Call for blog contributions

As of January 2020, there were about 5.3 million international students worldwide, many whom are now impacted by the global outbreak of COVID-19. Study abroad and exchange programmes were suspended. International students were recalled and sent home. Universities are scrambling to cope with the shift towards online and remote learning. Existing international students have to navigate multiple challenges associated with closures of campuses, loss of student jobs, visa control measures, and the rise of xenophobia and racism. Young people in education are forced to make difficult decisions regarding their international study and career plans in a time of great uncertainty.

International students in different parts of the world have been struck hard by the pandemic-driven tightening of border management, causing them to be stranded and left in a state of limbo. Caught in the midst of visa regulations and lack of financial support which are compounded by a sense of alienation in host societies, international students are some of the hardest-hit young people during this current pandemic. The impact on international students and young people in education at large is long-lasting, given the likelihood of a string of border controls to regulate immigration and emigration in a more restrictive and selective manner. Additionally, the impacts experienced across various student communities and cohorts are differentiated and with consequences on uneven capacities for a rebound. What does educational life look like in a world of the pandemic for mobile students?

If you are an international student currently enrolled in tertiary education or a young person with overseas study plans, from and in the Asia-Pacific, please consider writing a blog entry for ISM.VOICES, a feature section of COVIDISM.

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Illustration: Feng Yikang, http://shorea.sg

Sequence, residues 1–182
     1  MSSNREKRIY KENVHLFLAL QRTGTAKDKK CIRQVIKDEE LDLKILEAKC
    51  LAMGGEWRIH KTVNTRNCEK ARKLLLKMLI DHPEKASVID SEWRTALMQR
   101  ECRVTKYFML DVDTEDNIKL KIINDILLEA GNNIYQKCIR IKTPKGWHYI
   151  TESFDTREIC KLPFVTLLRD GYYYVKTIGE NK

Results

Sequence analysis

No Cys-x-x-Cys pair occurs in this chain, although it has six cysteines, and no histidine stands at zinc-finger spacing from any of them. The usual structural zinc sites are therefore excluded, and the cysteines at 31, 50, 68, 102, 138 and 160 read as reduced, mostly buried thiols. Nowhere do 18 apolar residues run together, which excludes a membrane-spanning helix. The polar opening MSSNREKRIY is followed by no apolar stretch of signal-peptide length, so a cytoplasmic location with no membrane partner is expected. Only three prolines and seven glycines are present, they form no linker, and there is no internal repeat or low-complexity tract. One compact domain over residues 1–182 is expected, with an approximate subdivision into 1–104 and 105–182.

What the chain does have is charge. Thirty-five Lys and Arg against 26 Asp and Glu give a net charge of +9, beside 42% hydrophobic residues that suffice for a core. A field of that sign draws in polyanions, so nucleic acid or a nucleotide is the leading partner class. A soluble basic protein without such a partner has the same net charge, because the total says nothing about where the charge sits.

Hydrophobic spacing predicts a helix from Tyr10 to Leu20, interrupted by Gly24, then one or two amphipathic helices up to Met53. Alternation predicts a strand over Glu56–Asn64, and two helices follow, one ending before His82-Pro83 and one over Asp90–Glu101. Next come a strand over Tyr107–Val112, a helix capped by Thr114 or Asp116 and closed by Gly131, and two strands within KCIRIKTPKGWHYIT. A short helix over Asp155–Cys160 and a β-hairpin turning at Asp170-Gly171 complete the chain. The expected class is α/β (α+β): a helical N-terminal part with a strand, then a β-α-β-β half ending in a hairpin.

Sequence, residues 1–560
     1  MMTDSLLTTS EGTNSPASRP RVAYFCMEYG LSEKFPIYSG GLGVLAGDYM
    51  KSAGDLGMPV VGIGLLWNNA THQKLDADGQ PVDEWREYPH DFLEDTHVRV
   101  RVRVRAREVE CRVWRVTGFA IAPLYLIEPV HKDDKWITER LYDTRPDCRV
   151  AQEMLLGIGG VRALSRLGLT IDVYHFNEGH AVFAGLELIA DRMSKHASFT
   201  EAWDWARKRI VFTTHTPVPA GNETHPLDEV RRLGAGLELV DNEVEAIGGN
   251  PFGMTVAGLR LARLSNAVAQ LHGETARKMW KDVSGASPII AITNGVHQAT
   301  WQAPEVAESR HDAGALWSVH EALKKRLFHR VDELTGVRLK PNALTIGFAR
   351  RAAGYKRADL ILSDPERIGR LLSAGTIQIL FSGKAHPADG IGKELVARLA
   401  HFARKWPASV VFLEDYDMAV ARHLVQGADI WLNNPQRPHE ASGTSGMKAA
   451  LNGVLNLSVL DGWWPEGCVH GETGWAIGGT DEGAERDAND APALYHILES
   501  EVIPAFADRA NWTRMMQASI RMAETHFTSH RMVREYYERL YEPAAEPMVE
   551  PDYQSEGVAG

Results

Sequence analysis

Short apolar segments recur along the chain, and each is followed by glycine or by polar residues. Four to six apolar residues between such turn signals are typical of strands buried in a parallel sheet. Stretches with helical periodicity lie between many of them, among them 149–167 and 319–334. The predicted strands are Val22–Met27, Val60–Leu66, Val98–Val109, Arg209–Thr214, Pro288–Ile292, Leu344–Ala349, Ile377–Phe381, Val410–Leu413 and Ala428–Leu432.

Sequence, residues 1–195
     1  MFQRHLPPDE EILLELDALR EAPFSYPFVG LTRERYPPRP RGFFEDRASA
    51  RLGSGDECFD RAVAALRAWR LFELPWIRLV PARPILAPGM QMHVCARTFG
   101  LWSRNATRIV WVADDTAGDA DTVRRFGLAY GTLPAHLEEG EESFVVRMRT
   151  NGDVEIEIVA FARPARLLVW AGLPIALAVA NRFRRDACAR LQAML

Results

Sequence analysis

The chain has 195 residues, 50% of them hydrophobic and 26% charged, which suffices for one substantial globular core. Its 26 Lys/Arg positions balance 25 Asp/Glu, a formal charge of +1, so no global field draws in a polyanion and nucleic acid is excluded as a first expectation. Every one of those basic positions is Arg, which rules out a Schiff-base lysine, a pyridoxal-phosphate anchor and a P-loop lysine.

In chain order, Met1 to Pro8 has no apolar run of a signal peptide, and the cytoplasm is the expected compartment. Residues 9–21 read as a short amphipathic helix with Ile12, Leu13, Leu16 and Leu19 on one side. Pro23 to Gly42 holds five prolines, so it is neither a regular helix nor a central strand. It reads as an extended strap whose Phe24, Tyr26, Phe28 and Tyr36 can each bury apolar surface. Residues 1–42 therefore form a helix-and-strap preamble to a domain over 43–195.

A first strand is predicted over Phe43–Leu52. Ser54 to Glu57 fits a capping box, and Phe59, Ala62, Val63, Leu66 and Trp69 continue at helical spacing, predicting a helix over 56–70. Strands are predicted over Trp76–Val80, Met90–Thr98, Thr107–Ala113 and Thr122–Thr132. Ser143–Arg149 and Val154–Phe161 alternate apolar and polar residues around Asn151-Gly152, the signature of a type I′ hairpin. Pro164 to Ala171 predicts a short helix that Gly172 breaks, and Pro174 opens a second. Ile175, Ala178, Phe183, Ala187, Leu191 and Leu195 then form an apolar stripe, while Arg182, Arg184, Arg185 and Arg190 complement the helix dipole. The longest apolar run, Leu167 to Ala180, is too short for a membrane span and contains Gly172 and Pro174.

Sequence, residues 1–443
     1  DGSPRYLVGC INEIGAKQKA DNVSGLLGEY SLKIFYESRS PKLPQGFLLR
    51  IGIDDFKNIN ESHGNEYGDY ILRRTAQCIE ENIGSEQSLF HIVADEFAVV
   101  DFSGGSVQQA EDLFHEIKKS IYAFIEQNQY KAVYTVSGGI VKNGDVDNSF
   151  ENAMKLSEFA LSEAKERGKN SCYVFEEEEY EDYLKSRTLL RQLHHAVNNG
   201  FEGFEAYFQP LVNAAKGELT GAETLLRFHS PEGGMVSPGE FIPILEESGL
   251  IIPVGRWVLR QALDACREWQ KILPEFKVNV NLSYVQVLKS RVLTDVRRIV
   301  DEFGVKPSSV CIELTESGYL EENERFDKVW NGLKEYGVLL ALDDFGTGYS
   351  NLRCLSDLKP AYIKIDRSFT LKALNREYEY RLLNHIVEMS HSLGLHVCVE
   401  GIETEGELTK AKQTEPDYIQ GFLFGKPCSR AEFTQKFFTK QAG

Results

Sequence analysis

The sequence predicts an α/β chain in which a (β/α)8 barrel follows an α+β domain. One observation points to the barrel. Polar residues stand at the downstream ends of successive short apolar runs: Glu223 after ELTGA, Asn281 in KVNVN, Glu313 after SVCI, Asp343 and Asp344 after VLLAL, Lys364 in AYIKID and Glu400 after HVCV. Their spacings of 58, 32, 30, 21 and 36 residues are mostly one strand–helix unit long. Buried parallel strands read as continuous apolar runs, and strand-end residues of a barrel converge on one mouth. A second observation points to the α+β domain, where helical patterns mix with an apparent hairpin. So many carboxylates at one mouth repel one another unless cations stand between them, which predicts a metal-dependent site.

ISM.VOICES is looking for international students and youths with overseas study plans, from and in the Asia-Pacific, to share their experiences and reflections about the current COVID-19 situation in the form of blog contributions. Contributors will choose from one of the following themes:

  • Mobility and travel
  • Livelihoods and wellbeing
  • Education and learning

This space will document the diverse voices of international students and young people from and in various parts of the Asia-Pacific world, serving as a window to understanding international student mobilities in a time of the pandemic.

Blog format:

(a) Blogs (Length not exceeding 800 words)

(b) Photo Essays

  • Include these details: the selected theme, a blog title, 3 keywords, and a short bio (50 words +/-) as well as your affiliation, email contact and, if any, twitter handle.
  • Referencing: Acknowledge all ideas and works that inform your writing, but keep these to a minimal. Hyperlink cited works to their original sources.
  • Use of images: Having images help enliven the blog. If you decide to use images, please ensure that they do not infringe on copyright issues.
  • Language: Use non-discriminatory language to address and describe all people, regardless of gender, race/ethnicity, sexual orientation, religious identification, age, and physical or intellectual characteristics.

Anonymity:

  • You are welcome to contribute a blog identified under a pseudonym so as to remain anonymous. Please get in touch to discuss this possibility. Your identity will be kept confidential with the editorial team.

Submissions will be received and published on a continuing basis. Please email to yien.cheng@nus.edu.sg 


Your blog entry will be featured in a new section on this website and shared extensively via Twitter, and may also be featured on Asia Research Institute’s social media accounts (Twitter, Facebook and Instagram).

The content of your blog entry will be copyrighted under the Creative Commons License (CC BY-NC-ND 4.0).

ISM.VOICES is a feature section of COVIDISM, a digital initiative hosted by the Asia Research Institute (ARI) at the National University of Singapore (NUS). The views expressed at COVIDISM are contributors’ personal opinions, and not representative of the views of ARI or NUS.

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